The MDHAQ is incorporated into the medical record for clinical care. The data also are entered into a database, which includes demographic, MDHAQ, medication and laboratory data. Means and standard deviations (SD) were calculated for normally distributed data, and medians and interquartile ranges (IQR) for non-normally distributed data. Baseline differences between patients in the four groups according to exercise status at baseline and one year later were compared using the chi square and Kruskall-Wallis tests. Mean change from baseline to one-year follow up was compared by analysis of variance (ANOVA) and presented as percentage of change. A negative change indicates improvement and a positive change indicates worsening. Bivariate regression analyses were performed to identify baseline variables associated with exercise or no exercise; variables that were significant in bivariate analyses were included as covariates in multivariate logistic regression analyses. All analyses were performed using STATA 12.0® for Mac (StataCorp LP, College Station, TX, USA).

Results

Patients

Overall, 795 patients with various rheumatic diagnoses were included in this study. The more prevalent diagnoses were RA (221 patients (27.8 %)), systemic lupus erythematosus (125 patients (15.7 %)), psoriatic arthritis (86 patients (10.8 %)), and osteoarthritis (58 patients (7.3 %)); 305 patients (38.4 %) had other diagnoses. Mean age was 51.1 years, 74.9 % were women, and 59 % were Caucasian. The proportion of patients with >12 years of education was 93 %, substantially higher than in the general population and in most patients seen in rheumatology clinical settings [1820].

Exercise performance and clinical status at baseline and one year later

Participation in exercise at baseline and one year later (EXER-Yes, EXER-Yes) was reported by 324 patients (40.2 %), compared to 126 (15.8 %) who reported no exercise at baseline and exercise one year later (EXER-No, EXER-Yes), 77 (9.7 %) who reported exercise at baseline and no exercise at one year (EXER-Yes, EXER-No), and 268 (33.7 %), who reported no exercise at both time points (EXER-No, EXER-No) (Table 1). Patients who reported exercise at baseline and one year later (EXER-Yes, EXER-Yes group) had the lowest MDHAQ and DOCGL scores, indicating the best clinical status (p < 0.001) (Table 1). By contrast, patients in the EXER-No, EXER-No group were older, had a lower formal educational level, were more likely Hispanic, and had the poorest MDHAQ scores for physical function, pain, PATGL, RAPID3, fatigue, RADAI, and DOCGL compared to patients in the other groups (p < 0.001) (Table 1).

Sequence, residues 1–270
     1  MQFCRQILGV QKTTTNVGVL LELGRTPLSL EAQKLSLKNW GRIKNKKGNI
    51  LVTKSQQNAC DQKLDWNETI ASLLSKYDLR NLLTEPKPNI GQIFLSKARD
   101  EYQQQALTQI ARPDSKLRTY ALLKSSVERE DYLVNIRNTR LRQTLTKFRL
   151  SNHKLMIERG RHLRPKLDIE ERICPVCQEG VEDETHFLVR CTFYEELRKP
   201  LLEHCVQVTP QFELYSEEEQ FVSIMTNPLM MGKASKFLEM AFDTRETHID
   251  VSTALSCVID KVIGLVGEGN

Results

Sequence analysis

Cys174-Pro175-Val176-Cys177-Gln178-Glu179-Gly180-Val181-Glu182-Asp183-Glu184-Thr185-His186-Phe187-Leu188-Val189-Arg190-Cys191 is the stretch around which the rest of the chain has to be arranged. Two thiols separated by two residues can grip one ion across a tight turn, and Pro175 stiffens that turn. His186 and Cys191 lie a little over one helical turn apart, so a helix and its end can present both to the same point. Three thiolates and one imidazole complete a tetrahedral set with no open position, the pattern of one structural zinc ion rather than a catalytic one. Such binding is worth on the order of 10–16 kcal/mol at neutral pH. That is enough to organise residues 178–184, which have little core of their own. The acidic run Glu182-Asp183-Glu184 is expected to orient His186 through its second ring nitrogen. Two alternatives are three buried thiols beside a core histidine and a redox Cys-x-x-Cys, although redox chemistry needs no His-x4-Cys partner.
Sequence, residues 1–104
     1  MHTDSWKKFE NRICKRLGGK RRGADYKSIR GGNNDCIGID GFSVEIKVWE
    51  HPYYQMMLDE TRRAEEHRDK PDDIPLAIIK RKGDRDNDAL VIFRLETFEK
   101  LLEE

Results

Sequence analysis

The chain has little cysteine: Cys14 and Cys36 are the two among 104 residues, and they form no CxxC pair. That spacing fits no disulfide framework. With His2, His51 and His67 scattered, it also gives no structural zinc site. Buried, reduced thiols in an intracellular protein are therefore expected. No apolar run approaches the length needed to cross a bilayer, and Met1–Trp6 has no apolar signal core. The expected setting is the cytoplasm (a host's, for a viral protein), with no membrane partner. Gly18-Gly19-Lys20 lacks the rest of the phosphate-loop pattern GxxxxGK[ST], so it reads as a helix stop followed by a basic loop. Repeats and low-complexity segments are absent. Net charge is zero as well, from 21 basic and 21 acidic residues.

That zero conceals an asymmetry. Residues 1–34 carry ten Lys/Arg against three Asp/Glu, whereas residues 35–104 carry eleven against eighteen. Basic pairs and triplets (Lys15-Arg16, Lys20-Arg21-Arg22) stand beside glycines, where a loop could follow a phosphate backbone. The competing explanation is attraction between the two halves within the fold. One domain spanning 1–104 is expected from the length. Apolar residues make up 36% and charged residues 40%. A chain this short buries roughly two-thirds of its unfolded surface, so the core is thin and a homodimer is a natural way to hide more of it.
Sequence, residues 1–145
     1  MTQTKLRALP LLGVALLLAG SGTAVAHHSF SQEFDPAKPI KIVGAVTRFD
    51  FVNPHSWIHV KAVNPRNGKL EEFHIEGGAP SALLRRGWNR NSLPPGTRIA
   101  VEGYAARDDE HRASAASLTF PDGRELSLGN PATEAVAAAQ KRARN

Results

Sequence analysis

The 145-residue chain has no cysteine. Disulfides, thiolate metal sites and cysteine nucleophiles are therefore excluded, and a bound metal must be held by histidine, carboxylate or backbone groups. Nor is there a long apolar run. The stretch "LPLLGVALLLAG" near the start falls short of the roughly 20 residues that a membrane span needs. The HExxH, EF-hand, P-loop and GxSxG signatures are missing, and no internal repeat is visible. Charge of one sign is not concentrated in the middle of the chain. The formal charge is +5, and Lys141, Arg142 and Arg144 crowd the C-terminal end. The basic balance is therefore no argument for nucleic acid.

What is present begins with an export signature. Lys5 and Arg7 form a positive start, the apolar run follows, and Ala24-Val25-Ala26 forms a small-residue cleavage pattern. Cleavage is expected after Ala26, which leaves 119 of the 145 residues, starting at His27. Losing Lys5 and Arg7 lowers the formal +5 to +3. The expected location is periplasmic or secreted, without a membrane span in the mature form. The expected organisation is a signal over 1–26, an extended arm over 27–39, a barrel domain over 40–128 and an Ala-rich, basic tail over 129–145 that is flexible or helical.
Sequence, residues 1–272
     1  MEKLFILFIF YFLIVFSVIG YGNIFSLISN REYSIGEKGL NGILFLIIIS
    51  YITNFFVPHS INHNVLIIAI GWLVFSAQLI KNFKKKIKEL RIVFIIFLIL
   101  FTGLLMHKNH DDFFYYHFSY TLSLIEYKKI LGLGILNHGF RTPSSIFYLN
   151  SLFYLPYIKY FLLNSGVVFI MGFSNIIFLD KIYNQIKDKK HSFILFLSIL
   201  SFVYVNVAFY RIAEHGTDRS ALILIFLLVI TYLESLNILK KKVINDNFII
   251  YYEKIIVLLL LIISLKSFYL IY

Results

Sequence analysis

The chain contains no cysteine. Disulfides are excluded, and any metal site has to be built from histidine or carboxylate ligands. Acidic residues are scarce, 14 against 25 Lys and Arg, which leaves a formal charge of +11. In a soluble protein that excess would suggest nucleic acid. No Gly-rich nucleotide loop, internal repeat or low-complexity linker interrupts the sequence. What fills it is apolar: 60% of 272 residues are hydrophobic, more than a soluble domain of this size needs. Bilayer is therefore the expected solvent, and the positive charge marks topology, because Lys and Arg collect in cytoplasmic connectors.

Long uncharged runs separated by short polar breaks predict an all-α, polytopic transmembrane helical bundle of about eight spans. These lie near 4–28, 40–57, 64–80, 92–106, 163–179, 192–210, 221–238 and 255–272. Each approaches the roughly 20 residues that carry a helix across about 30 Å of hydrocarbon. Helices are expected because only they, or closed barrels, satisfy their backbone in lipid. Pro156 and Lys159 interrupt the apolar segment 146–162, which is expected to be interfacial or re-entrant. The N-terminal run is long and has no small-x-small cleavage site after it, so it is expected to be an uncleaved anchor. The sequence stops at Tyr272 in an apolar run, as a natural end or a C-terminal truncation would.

Table 1

Baseline demographic and clinical characteristics of patients according to self-reported exercise status at baseline, grouped by status at baseline and one year later

 

All patients N = 795

Groups of patients by exercise status at baseline and one year later

EXER-Yes, EXER-Yes N = 324 (40.7 %)

EXER-No, EXER- Yes N = 126 (15.8 %)

EXER-Yes, EXER- No N = 77 (9.7 %)

EXER-No, EXER-No N = 268 (33.8 %)

P

Demographic variables

Age, years, mean (SD)

51.1 (16)

43.7 (15.0)

45.3 (16.6)

48.3 (15.0)

51.2 (15.9)

<0.001

Gender, % female

74.9 %

73.3 %

72.9 %

76.4 %

77.2 %

0.68

Ethnicity

     

0.003

Percent (%) Caucasian/ Black/ Hispanic/ Asian/ Other

59 %/ 12 %/ 17 %/ 8 %/ 4 %

62 %/ 12 %/ 13 %/ 10 %/  3 %

55 %/ 18 %/ 14 %/ 4 %/ 9 %

58 %/ 7 %/ 19 %/ 13 %/ 3 %

56 %/ 10 %/ 24 %/ 7 %/ 3 %

Formal educational level, years

16 (13–18)

16 (15–18)

16 (14–16)

16 (13.5–18)

15 (12–17)

<0.001

MDHAQ variables

Physical function (0–10)

1.3 (0.3–3.3)

0.7 (0–2.3)

1.7 (0.3–3.7)

2 (0.3–3)

2.3 (0.7–4)

<0.001

Pain VAS (0–10)

5 (2–7.5)

3.5 (1–6)

5.5 (2.5–7)

4 (2–6.5)

6 (3.5–8)

<0.001

Patient global estimate VAS (0–10)

5 (2–6.5)

3 (1–5.5)

4.5 (2–7)

4.5 (2–6)

5.5 (4–7.5)

<0.001

RAPID3 (0–30)

11.2 (5–16.5)

8.2 (3.5–13.3)

11.8 (5.7–18)

10.3 (4.7–15.5)

14 (8.5–19)

<0.001

Fatigue VAS (0–10)

4.5 (1–7.5)

3 (1–7)

4.5 (0.5–7)

5.5 (2–7)

5.5 (2.5–8)

<0.001

RADAI (0–48)

6 (2–14)

4 (1–10)